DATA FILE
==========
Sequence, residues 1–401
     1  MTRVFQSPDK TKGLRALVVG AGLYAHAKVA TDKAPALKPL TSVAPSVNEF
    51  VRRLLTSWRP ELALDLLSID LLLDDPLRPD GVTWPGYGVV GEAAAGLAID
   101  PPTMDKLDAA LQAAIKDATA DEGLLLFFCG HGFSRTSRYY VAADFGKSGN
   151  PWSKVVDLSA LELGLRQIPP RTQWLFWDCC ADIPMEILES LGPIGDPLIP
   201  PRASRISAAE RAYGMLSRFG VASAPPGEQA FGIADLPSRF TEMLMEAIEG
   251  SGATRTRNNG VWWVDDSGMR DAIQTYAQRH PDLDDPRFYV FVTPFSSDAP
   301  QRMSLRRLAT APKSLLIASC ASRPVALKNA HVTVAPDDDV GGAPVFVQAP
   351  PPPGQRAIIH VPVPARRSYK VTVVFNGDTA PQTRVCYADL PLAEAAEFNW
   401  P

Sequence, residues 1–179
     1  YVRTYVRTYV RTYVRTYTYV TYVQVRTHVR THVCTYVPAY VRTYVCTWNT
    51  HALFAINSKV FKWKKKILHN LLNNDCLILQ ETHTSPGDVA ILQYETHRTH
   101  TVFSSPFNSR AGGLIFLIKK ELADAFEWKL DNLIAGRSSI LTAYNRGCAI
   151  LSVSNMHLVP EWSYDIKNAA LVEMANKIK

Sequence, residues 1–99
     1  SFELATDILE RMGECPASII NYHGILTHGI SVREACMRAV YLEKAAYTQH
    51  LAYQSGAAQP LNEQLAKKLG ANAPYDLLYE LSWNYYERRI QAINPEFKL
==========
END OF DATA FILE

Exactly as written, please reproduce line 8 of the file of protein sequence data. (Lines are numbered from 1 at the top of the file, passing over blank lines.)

   301  QRMSLRRLAT APKSLLIASC ASRPVALKNA HVTVAPDDDV GGAPVFVQAP